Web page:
Always supervise any interactions between other family pets, especially for the first one to two weeks as they get to know each other. Do not leave them alone. Keep all existing routines, such as walks. playtimes and meal times normal. Make the puppy fit into the routine you already have. Be very careful to monitor situations which may trigger aggression, for example when you come home, when guests visit, walk times, playtimes and meal times, both yours and theirs. It is also very important to spend time alone with each dog, so that your older dog continues to receive the one to one attention they are used to and your puppy gets the chance to develop a bond with you.

Remember that the older dog will try to teach the puppy some manners and show it how to behave so some snapping and correction may happen. However do not let this become excessive and also don't let the puppy continually harass your dog. If they do start to fight, stop it as quickly as possible so that they don't develop a pattern of aggressive behaviour. With time and patience both dogs will learn to accept each other, but until this point always make sure that they are not left alone together as far as is possible, keeping them in separate rooms or parts of the house if necessary. Taking the few steps listed above will ensure that your new puppy becomes part of the family with as little fuss as possible.


Your breeder will have given you a diet sheet and some food, it is advisable to keep your puppy on the food given by the breeder, at least for the first month or so, and any changes to a puppy’s diet should be made gradually.   The puppy’s daily allowance should be split into four meals from 8 weeks of age.  At around 4 months you can reduce to 3 meals a day, then at 6 months to two.

All reputable manufacturers will supply guidelines, on the packaging, with regard to the amount to be offered. For your guidance, Collie puppies and youngsters are classed within the medium range of dog. Collie puppies and adults do not have strong digestive systems and are often very happy eating the same food on a daily basis. Changing foods is best done over a period of 3-4 days by introducing the new food in small quantities until the process is complete.

Should you find that your puppy develops an upset tummy but he still seems fit and well, it is usually from over-feeding. Just cut down / out all milky foods and cut down the amount of food for a period of 24 hours. If there is NO change after this time – PLEASE, CONSULT YOUR VETERINARY SURGEON.

A healthy puppy should have a good appetite, if your puppy refuses food, it may be that they are feeling off colour.  Look out for any diarrhea and consult your vet if the problem does not resolve in 24 hours.  A light diet may be needed for a day or two, and you can give your puppy boiled chicken breast (skin and bone removed), boiled long grain rice, natural yoghurt and scrambled egg.  Dogs digestion does not cope with cows milk,  but most puppies enjoy goats milk. 

Do not feed your puppy chocolate, as this is poisonous to all dogs.  Puppies have very sharp teeth up until around 6 months of age, whilst teething their gums are often sore, they have a natural instinct to chew.   If you don't provide something ‘acceptable’ for them to chew on, they will find something else!  You can buy teething chews from your local pet store, and also give them clean socks, or clean wet rag that has been put in the freezer.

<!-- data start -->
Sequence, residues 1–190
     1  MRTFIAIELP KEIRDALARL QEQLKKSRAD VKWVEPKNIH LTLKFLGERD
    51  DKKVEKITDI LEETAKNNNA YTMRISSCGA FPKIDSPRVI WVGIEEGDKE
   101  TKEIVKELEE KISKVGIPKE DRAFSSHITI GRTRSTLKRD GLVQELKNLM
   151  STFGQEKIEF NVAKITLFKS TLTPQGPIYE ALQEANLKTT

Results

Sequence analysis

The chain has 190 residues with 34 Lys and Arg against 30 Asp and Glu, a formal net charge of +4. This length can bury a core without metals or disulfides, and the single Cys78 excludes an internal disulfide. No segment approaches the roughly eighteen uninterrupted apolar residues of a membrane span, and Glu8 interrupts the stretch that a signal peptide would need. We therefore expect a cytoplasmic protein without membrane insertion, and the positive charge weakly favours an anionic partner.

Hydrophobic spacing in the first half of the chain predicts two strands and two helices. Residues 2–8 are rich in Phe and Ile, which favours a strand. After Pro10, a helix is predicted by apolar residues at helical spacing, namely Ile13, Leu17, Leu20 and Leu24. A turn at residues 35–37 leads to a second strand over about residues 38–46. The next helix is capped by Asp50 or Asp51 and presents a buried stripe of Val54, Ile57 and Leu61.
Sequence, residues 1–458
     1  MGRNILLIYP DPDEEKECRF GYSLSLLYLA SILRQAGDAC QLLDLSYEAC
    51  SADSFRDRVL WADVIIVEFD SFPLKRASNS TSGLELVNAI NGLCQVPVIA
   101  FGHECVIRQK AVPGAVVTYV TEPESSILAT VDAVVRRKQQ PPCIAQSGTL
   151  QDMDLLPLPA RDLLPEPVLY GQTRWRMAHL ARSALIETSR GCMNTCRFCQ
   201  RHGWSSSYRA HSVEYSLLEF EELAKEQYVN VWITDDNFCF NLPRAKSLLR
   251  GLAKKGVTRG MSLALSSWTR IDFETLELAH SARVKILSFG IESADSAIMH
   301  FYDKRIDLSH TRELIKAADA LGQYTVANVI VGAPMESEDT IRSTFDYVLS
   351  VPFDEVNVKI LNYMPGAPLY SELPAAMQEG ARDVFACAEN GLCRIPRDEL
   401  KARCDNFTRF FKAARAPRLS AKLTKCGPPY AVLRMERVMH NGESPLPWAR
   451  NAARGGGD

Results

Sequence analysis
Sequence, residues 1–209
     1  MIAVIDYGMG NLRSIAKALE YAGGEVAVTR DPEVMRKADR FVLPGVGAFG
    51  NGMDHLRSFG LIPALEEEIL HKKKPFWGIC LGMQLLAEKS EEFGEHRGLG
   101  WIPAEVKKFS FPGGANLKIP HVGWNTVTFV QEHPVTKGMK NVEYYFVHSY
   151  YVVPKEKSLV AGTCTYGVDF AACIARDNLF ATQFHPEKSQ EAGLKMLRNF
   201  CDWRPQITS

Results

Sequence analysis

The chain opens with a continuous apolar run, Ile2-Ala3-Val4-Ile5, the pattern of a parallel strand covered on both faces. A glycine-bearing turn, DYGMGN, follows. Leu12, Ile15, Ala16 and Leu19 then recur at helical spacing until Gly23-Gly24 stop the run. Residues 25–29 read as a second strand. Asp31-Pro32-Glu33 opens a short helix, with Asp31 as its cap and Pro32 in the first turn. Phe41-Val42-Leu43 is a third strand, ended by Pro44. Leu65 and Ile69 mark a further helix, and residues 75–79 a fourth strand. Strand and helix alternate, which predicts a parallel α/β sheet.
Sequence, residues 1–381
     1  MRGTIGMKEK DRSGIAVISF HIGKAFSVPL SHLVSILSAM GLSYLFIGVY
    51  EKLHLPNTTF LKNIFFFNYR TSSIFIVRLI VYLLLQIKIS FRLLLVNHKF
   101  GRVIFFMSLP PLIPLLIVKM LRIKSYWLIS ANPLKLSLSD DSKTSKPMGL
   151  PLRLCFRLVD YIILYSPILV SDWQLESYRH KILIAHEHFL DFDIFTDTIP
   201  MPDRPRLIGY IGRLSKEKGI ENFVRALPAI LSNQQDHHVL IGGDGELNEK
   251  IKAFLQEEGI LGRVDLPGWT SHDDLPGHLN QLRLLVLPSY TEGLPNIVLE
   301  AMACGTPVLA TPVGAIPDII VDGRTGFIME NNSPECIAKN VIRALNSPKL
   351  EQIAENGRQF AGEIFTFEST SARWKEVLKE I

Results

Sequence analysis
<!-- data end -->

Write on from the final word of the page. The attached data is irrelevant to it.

Your new puppy should not be taken out into the public space where there have been other dogs until they have finished their vaccinations.   Your vet will give you advice on vaccinating your puppy, but they can usually have their first vaccination at 8 weeks of age, a second one two weeks later, and can be taken out a week after.  

Your puppy will have been wormed regularly by the breeder, and they will tell you when her next worming date is due.
Please continue the worming programme, especially if there are young children in the house.

  Under NO circumstances use a product containing Ivermec or Ivermectin, or any of its derivatives. This substance is not fully licensed in the UK as a worm dose but used as part of other products can be lethal to your collie. Should you have any problems with your vet, concerning this product, please contact your breeder


A practical guide to puppy shots
from Dogs Naturally magazine


Do not use any Ivermectin based worming or combined worming/flea products on your Collie,
see article on MDR1 for other drugs to avoid. 


Everyone has different preferences on the type of collar/lead they use on their Collies. Most people will use either a rolled leather slip lead, or an adjustable half check leather collar, and the purchase of a good leather collar and lead will last you the lifetime of your dog. Your average pet shop probably wont sell the type of lead best suited to a Collie and I have given some links below of recommended online shops where they can be purchased. When buying a half check leather collar, many prefer to buy an adjustable one, which can be used from puppy stage to adulthood.



A young puppy will tire easily, and spend a lot of time sleeping.  Do not let them run with older dogs for any length of time, and should only  have short walks (5 mins per month of age is often recommended ie: 3 months of age = 15 minutes per day) up until they are 9 months of age when their bones are more developed.

    Always carry “poo-bags” when walking out and please clear up after your dog. There are others around who do not appreciate and in some areas, you could be fined!

Great article here which explains the growth plates in a puppy and the impact of too much exercise